Psalm 2–the righteous trust God to uphold his King.

5. Psalms 1 and 2 taken as a whole, as a complete unit at the very front of the collection, encourage readers to view all the petitions, praises, and laments of the entire Psalter as having reference to both:

a. themselves as individuals within God’s kingdom

b. God’s King, his Son, his Anointed

In consequence of point 5 above, the psalms are highly prophetic. In other words, if the reader receives Psalms 1 and 2 together as a unit introducing the entire Psalter, then the reader can feel justified and free to see all the psalms as applying both to the individual, i.e., the reader herself (Psalm 1) and Christ (Psalm 2), since Psalm 2 plainly and boldly spells out that Christ is the referent. Again, if Psalm 2, along with Psalm 1, introduces the entire Psalter, then the entire Psalter is about Christ, viewed both as incarnate human (Psalm 1) and divine Son and King (Psalm 2).–cw

 

III. Structure

A. Hebrew Poetry

1. Psalm 2 marks itself off into four identifiable blocks of three couplets each: vss 1-3, 4-6, 7-9, and 10-12. The transition signals will be discussed below.

2. Hebrew poetic couplets in which the second line repeats the first with slight variation to expand, illustrate, explain, or reinforce by repetition the meaning of the first:

 

a. Verse 1

    Why do the nations rage

     and the peoples plot in vain?

b. Verse 3

    “Let us burst their bonds apart

    and cast away their cords from us.”

c. Verse 8

    “I will make the nations your heritage,

    and the ends of the earth your possession.”

 

B. Speech

1. The writer of this blog discovered 3 separate sections within this poem and 4 distinct speakers, as though the poem were intended to be a choral reading.

a. Narrator–verses 1-6 and 2 speakers whom the narrator quotes: Speaker 1 (the rebellious nations, vs 3) and Speaker 2 (God, vs 6)

b. The Son–verses 7-9. The Son, Speaker 3, immediately breaks in with the narrator’s quote of God’s statement in vs 6 functioning as transition and as his introduction. The Son speaks directly from his own experience (vs 7) and further quotes the speech of God to him (vss 7-9).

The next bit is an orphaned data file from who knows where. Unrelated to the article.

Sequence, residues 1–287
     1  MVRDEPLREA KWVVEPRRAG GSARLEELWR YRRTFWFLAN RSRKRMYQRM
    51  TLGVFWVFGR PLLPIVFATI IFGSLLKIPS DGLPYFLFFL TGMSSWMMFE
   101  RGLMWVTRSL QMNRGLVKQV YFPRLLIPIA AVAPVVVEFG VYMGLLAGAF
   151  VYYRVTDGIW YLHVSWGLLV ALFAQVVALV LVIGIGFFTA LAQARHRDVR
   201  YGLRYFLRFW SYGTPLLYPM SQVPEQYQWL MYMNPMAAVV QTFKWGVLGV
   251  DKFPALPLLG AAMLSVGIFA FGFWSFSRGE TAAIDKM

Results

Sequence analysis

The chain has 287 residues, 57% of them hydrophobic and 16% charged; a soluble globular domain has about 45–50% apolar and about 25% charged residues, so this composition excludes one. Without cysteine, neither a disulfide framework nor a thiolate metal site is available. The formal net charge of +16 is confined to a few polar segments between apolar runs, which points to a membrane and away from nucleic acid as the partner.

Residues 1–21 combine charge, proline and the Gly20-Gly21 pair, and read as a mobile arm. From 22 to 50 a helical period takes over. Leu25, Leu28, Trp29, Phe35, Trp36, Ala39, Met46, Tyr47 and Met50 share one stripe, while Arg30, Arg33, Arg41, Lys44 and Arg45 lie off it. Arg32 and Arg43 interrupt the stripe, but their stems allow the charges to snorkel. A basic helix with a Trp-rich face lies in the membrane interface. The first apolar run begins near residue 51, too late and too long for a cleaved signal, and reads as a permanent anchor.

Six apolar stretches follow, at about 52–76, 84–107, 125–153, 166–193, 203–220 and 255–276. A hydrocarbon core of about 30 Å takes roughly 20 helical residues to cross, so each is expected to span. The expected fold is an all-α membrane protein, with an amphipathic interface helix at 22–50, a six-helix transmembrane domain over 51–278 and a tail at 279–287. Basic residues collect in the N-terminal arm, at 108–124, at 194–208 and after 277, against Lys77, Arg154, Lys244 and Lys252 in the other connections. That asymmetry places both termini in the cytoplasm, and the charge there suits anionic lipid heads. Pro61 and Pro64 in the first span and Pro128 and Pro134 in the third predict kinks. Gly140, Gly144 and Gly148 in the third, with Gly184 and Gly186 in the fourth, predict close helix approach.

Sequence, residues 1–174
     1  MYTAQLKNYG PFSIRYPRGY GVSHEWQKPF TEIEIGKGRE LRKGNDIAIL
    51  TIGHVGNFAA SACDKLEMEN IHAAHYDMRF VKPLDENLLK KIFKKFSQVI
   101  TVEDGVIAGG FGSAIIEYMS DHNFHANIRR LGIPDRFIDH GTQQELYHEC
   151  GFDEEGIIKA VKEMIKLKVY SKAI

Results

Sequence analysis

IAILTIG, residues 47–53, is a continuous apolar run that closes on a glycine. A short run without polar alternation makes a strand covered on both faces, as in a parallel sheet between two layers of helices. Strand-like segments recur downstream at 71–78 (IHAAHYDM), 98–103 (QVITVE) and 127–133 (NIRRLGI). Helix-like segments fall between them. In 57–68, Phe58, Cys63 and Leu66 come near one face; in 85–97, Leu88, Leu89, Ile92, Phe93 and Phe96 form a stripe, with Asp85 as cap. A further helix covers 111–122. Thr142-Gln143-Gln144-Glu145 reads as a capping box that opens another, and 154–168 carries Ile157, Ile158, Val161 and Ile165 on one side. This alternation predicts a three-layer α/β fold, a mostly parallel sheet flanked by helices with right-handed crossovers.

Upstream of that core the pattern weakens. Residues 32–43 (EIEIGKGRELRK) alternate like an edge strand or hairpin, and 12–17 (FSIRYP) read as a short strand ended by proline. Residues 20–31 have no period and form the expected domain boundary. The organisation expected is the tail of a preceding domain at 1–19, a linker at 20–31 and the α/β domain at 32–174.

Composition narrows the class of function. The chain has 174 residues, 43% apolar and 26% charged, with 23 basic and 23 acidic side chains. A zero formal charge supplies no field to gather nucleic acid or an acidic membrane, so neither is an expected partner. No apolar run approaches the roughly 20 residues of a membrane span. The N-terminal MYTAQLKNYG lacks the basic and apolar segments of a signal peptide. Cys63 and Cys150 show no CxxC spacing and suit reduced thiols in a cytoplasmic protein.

c. Narrator of Section 1 or, alternatively, a Chorus (Speaker 4)–verses 10-12. The last section differs from the first in that the narrator of the first section speaks omnisciently, not as a character within the psalm, whereas the narrator, or chorus, of the last section addresses the kings and rulers with direct speech (vss 10-12), with the last sentence delivered not as speech towards the rulers, but as a general statement to all readers and all humankind. It functions as a summary of the whole.

2. Waltke and Houston have discovered a “four-act play” in Psalm 2 (Waltke and Houston, Psalms as Worship, 161). The four acts correspond to the sequence of speakers discoverable in the psalm and follow the blocks that this writer describes in the section just above. Whereas this writer combines verses 1-6 into a single section, Waltke divides that block into two “acts.” His four acts and corresponding speakers follow:

a. Act 1: verses 1-3, the hostile kings

b. Act 2: verses 4-6, I AM

c. Act 3: verses 7-9, the King

d. Act 4: verses 10-12, the psalmist

 

C. Why Is Direct and Quoted Speech in Psalms Important?

1. In an Old Testament setting in which the Israelites believed in one God (Deuteronomy 6:4), two distinct divine voices indicate a first and second person of the Trinity.

2. Introduction of a distinct Son of God led directly to the eschatological hope of Messiah.

3. The presence of speech blocks with clearly defined transitions and multiple, identified speakers within a single psalm, such as those found in Psalm 2, establish a usage and pattern that can help interpret psalms whose change of speakers and speech blocks are not as clearly and directly marked. Psalm 102 is an example of such a psalm.

4. Speech highlights and emphasizes the prophetic nature of psalms.

5. Because Psalm 2, taken as a unit with Psalm 1, sets a precedence for the rest of the Psalter, and because the Son speaks prophetically in Psalm 2, there is good reason to suppose that many of the first person statements and prayers in the rest of the Psalter are also prophetic prayers and speech of Christ.